Our commitment to the environment extends beyond operating in compliance with applicable laws, regulations and requirements. We strive to not only act responsibly but also to serve in a leadership capacity in addressing the environmental challenges that impact our company and our stakeholders.
Review the policy that guides our environmental concerns.
This effort and its goals are guided by the Exelon Environment Policy, which contains a core set of principles that inform our decision-making.
Examine our efforts to reduce our carbon footprint.
Climate change represents one of the greatest challenges of our time, and demands that we actively pursue every opportunity to reduce greenhouse gas emissions. As a member of the voluntary EPA SF6 Emission Reduction Partnership for Electric Power Systems Program, we’re proactively working to prevent SF6 leaks on our equipment.
See how we are managing materials and properties more efficiently
We’re recycling tons of materials in the office and in the field—reducing our carbon footprint, cutting the amount of waste going into landfills.
Project HERE (Helping the Environment by Recycling at Exelon) increased recycling more than 5% over the previous year. The more than 1.9 million pounds of recycled material includes paper, cardboard, plastic and glass containers, and aluminum cans.
Industrial Recycling incorporates recycling of copper, aluminum, steel, transformers and oil. More than 15 million pounds of metals and more than half a million gallons of oil were recycled yearly. These two programs offset thousands of tons of carbon emissions. We continue to build on their combined success while also actively searching for ways to green our supply chain.
In 2008, our parent company, Exelon, led the formation of the Electric Utility Industry Sustainable Supply Chain Alliance, along with 14 other electric utilities. The Alliance works to improve environmental performance in electric utility industry supply chains. This includes the development of voluntary consensus standards for evaluating the environmental attributes of key materials and services provided to the electric utility industry; the environmental performance of suppliers to the electric utility industry; and the environmental performance of an electric utility industry company’s supply chain operations.
Exelon was also the first U.S. based utility to join the Carbon Disclosure Project’s Supply Chain Leadership Collaboration. As part of our commitment, Exelon is asking top suppliers to voluntarily disclose their greenhouse gas emissions and energy consumption.
Our EMS assigns roles and responsibilities at each level of our organization.
To execute this policy, we have established an environmental management program or system (EMS) that assigns roles and responsibilities at each level of our organization. The EMS is an integral part of the Exelon Management Model, the framework for the way we do business.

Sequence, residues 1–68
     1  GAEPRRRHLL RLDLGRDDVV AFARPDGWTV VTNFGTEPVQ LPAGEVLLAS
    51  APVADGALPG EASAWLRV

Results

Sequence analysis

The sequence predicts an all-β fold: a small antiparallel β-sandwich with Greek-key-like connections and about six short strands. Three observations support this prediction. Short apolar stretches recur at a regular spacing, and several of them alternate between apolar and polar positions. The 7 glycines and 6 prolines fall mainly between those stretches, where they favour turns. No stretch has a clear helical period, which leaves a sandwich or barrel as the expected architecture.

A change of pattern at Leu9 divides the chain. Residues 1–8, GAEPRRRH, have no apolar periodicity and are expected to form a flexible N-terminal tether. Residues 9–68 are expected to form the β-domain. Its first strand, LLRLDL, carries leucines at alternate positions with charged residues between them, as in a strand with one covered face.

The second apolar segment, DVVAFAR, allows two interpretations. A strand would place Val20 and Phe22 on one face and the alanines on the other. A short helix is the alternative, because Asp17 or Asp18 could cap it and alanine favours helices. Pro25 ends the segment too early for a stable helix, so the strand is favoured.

Through ongoing support of our EMS program and execution of our environmental policy, our stakeholders can expect to see continued improvement in Exelon’s environmental performance.
BGE has been monitoring environmental performance and taking actions to ensure conservation since before 1970.
BGE has been monitoring environmental performance and taking actions to ensure conservation since before 1970. As part of our commitment, BGE continues to work to preserve and improve the quality of the environment.
BGE encourages our customers to conserve energy and make energy efficient choices. Visit www.bgesmartenergy.com for more information.
A core element of our company's commitment to the environment is protecting the wildlife, forests, plants and waterways in our communities.
BGE has adopted a comprehensive avian protection plan to reduce bird mortalities from electrocution. This plan includes establishing new distribution line construction standards, removing or relocating nests, providing employee training on avian management and establishing bird perch deterrents.
BGE was awarded with a Greenscape Award while supporting "green" initiatives in the city of Annapolis. The beautification and commitment to helping our local communities always encompasses safeguarding natural resources.
Power plants can generate electricity from a number of different fuel sources. BGE reports fuel sources and emission data to customers twice a year. This allows customers to compare data among the companies providing electricity service in Maryland.
Electricity supplied from January 1, 2015 through December 31, 2015
The following distribution of energy resources was used to produce electricity in the PJM Region.
BGE Supply Mix represents the Maryland RPS requirement of 7.5% (4.95% Tier I, 2.5% Tier II, and 0.05% Tier 1 Solar Standard) and the balance of 92.5% is simply the PJM "Residual Mix."
Average Nitrogen Oxides (NOx), Sulfur Dioxide (SOx), and Carbon Dioxide (CO2) emissions for the PJM Region.
The emission levels shown are based upon the PJM "Residual Mix" and approximate the emission rate for electricity generation in the PJM. CO2 is a "greenhouse gas" which may contribute to global climate change. SO2and NOx released into the atmosphere react to form acid rain. Nitrogen Oxides also react to form ground level ozone, an unhealthful component of "smog."